Powerful and intimate self-portraits from writers who have much to teach readers.

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FIRSTS

COMING OF AGE STORIES BY PEOPLE WITH DISABILITIES

Essays from 11 authors describe their personal experiences—frustrations, hurts, and triumphs— in confronting the challenges of disabilities.

At age 26, Cipriani (Blind, 2011, etc.) was beaten by childhood friends; the assault left him blind. His search for articles and literature about people living with disabilities led him to a career in journalism. Eventually, he asked other disabled writers to share their stories. This collection is culled from the numerous responses he received, and they reflect a broad spectrum of debilitating conditions: early-onset severe rheumatoid arthritis, deafness, loss of sight, cerebral palsy, high-functioning autism, and injuries inflicted by a vehicle. The chapter-length autobiographies are as different in experience as they are in voice. Whether they became disabled as young or middle-aged adults—or knew they were somehow different from childhood—all of these writers experienced what Cipriani calls their own “rites of passage,” the process of learning to navigate through personal relationships and an unfriendly environment. And for those stricken in adulthood, there is also a period of denial to overcome—a reckoning with the monumental and permanent change in their circumstances. The stories from several writers with autism are especially revelatory. Sam E. Rubin, in “Overdubbing the Cody Effect,” who was diagnosed early, vividly describes his childhood terror facing discipline meted out by a special ed teacher. To this day, Rubin suffers from recurrent PTSD. On the other hand, Kimberly Gerry-Tucker, in “Firsts in Art,” wasn’t diagnosed until adulthood. She firmly believes that she would have benefitted from the extra attention found in special ed. She also poignantly educates readers on the inner workings of the autistic experience. After a difficult but very successful presentation to a large audience, she discovered that the organizer wanted to hug her. “I don’t grant that sort of thing to just anyone,” she explains, “because hugs feel like indents afterward, which can’t be popped back out for hours at times. But we hugged, or I sort of patted her, which is my hug.”

Powerful and intimate self-portraits from writers who have much to teach readers.

Pub Date: Oct. 1, 2018

ISBN: 978-1-73231-270-8

Page Count: 226

Publisher: OLEB Books

Review Posted Online: Dec. 3, 2018

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Analyzing his craft, a careful craftsman urges with Thoreauvian conviction that writers should simplify, simplify, simplify.

SEVERAL SHORT SENTENCES ABOUT WRITING

New York Times columnist and editorial board member delivers a slim book for aspiring writers, offering saws and sense, wisdom and waggery, biases and biting sarcasm.

Klinkenborg (Timothy; or, Notes of an Abject Reptile, 2006), who’s taught for decades, endeavors to keep things simple in his prose, and he urges other writers to do the same. (Note: He despises abuses of the word as, as he continually reminds readers.) In the early sections, the author ignores traditional paragraphing so that the text resembles a long free-verse poem. He urges readers to use short, clear sentences and to make sure each one is healthy before moving on; notes that it’s acceptable to start sentences with and and but; sees benefits in diagramming sentences; stresses that all writing is revision; periodically blasts the formulaic writing that many (most?) students learn in school; argues that knowing where you’re headed before you begin might be good for a vacation, but not for a piece of writing; and believes that writers must trust readers more, and trust themselves. Most of Klinkenborg’s advice is neither radical nor especially profound (“Turn to the poets. / Learn from them”), and the text suffers from a corrosive fallacy: that if his strategies work for him they will work for all. The final fifth of the text includes some passages from writers he admires (McPhee, Oates, Cheever) and some of his students’ awkward sentences, which he treats analytically but sometimes with a surprising sarcasm that veers near meanness. He includes examples of students’ dangling modifiers, malapropisms, errors of pronoun agreement, wordiness and other mistakes.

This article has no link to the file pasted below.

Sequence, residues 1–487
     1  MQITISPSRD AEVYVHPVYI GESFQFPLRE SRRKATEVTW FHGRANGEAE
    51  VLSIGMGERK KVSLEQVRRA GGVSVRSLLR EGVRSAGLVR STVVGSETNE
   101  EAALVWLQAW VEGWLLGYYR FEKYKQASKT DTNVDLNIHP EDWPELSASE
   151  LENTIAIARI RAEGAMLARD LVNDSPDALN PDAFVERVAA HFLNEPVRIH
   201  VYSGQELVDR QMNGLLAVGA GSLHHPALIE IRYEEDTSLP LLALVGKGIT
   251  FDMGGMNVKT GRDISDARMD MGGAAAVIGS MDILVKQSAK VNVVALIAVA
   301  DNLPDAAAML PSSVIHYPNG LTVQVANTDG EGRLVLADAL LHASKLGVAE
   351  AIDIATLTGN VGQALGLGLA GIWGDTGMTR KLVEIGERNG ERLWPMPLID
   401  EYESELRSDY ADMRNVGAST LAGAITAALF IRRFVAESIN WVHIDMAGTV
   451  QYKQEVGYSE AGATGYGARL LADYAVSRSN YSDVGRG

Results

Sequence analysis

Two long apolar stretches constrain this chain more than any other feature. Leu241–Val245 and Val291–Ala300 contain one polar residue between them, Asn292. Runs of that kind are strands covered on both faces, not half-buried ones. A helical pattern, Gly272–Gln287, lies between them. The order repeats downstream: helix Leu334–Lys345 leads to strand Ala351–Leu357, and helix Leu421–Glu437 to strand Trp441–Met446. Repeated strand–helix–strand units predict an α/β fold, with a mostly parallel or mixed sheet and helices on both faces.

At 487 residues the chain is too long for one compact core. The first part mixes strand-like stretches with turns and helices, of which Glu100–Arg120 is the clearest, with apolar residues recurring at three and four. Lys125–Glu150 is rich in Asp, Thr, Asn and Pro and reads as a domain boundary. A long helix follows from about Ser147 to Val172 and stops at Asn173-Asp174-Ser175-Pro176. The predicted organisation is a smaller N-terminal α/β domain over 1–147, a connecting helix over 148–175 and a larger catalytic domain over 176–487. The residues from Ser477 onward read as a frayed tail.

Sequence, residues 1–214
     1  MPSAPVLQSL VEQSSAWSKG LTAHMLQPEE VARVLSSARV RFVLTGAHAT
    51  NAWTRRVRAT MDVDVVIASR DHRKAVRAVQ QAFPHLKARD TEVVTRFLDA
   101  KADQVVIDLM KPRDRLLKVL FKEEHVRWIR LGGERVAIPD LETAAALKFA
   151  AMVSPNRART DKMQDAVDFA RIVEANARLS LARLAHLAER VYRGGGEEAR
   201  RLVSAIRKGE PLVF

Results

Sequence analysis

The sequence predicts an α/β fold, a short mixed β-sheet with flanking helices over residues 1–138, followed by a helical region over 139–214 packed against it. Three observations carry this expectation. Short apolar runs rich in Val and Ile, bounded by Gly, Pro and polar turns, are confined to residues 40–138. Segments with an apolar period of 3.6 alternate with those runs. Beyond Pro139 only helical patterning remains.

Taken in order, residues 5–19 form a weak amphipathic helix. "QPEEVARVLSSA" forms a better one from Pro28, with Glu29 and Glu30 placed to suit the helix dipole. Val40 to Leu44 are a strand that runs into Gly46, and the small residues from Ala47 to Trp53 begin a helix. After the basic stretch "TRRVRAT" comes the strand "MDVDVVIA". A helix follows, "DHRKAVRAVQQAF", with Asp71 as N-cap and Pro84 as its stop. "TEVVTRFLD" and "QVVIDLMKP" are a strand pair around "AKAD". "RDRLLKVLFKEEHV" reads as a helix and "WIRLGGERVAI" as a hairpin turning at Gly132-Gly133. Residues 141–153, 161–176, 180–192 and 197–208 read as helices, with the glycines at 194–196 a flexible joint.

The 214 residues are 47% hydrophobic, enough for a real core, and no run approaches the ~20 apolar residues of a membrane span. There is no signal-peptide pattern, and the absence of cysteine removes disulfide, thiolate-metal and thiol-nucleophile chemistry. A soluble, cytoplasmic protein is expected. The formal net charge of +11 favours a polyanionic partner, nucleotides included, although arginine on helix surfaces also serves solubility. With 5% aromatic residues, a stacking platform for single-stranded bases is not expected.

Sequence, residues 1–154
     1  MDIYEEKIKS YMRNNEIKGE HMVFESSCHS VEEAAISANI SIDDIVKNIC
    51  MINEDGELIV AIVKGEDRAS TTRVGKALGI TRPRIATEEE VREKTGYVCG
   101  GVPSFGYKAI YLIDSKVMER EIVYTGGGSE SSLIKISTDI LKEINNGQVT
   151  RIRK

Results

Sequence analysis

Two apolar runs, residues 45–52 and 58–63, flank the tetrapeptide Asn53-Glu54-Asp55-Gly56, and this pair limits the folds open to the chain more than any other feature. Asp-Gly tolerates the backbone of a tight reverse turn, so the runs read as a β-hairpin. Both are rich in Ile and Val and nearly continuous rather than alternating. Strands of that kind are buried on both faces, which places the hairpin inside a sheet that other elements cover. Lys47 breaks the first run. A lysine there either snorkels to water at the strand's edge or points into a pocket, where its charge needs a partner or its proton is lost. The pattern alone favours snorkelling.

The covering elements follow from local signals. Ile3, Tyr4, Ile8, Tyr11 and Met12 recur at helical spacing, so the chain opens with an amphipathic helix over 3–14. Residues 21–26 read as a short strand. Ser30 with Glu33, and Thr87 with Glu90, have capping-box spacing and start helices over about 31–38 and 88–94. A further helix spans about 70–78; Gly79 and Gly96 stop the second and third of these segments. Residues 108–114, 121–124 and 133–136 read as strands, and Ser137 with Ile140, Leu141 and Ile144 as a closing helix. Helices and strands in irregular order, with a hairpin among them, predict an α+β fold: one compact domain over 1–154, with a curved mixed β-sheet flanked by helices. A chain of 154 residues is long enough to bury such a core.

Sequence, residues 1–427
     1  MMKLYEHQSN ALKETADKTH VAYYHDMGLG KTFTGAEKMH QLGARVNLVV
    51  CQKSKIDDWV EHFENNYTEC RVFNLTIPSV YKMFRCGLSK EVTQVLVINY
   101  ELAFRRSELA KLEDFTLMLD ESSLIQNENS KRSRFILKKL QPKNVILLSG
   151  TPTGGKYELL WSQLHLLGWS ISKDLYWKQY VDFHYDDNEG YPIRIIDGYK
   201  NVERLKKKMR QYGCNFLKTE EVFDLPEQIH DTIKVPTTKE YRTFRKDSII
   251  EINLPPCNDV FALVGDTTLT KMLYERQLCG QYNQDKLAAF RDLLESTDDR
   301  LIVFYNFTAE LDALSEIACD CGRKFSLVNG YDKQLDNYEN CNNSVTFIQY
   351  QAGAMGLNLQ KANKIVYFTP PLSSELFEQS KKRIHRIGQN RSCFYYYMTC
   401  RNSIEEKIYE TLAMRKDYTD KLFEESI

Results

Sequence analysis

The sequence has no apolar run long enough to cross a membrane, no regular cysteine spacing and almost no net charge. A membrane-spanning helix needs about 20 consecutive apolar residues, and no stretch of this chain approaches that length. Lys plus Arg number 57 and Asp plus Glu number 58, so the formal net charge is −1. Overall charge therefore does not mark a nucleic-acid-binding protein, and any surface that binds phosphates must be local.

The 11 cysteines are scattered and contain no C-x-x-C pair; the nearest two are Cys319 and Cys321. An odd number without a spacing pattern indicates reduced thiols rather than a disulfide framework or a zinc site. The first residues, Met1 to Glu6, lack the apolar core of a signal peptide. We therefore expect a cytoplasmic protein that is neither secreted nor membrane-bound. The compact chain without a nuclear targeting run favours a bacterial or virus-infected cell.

Analyzing his craft, a careful craftsman urges with Thoreauvian conviction that writers should simplify, simplify, simplify.

Pub Date: Aug. 7, 2012

ISBN: 978-0-307-26634-7

Page Count: 224

Publisher: Knopf

Review Posted Online: May 14, 2012

Kirkus Reviews Issue: June 15, 2012

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Stricter than, say, Bergen Evans or W3 ("disinterested" means impartial — period), Strunk is in the last analysis...

THE ELEMENTS OF STYLE

50TH ANNIVERSARY EDITION

Privately published by Strunk of Cornell in 1918 and revised by his student E. B. White in 1959, that "little book" is back again with more White updatings.

Stricter than, say, Bergen Evans or W3 ("disinterested" means impartial — period), Strunk is in the last analysis (whoops — "A bankrupt expression") a unique guide (which means "without like or equal").

Pub Date: May 15, 1972

ISBN: 0205632645

Page Count: 105

Publisher: Macmillan

Review Posted Online: Oct. 28, 2011

Kirkus Reviews Issue: May 1, 1972

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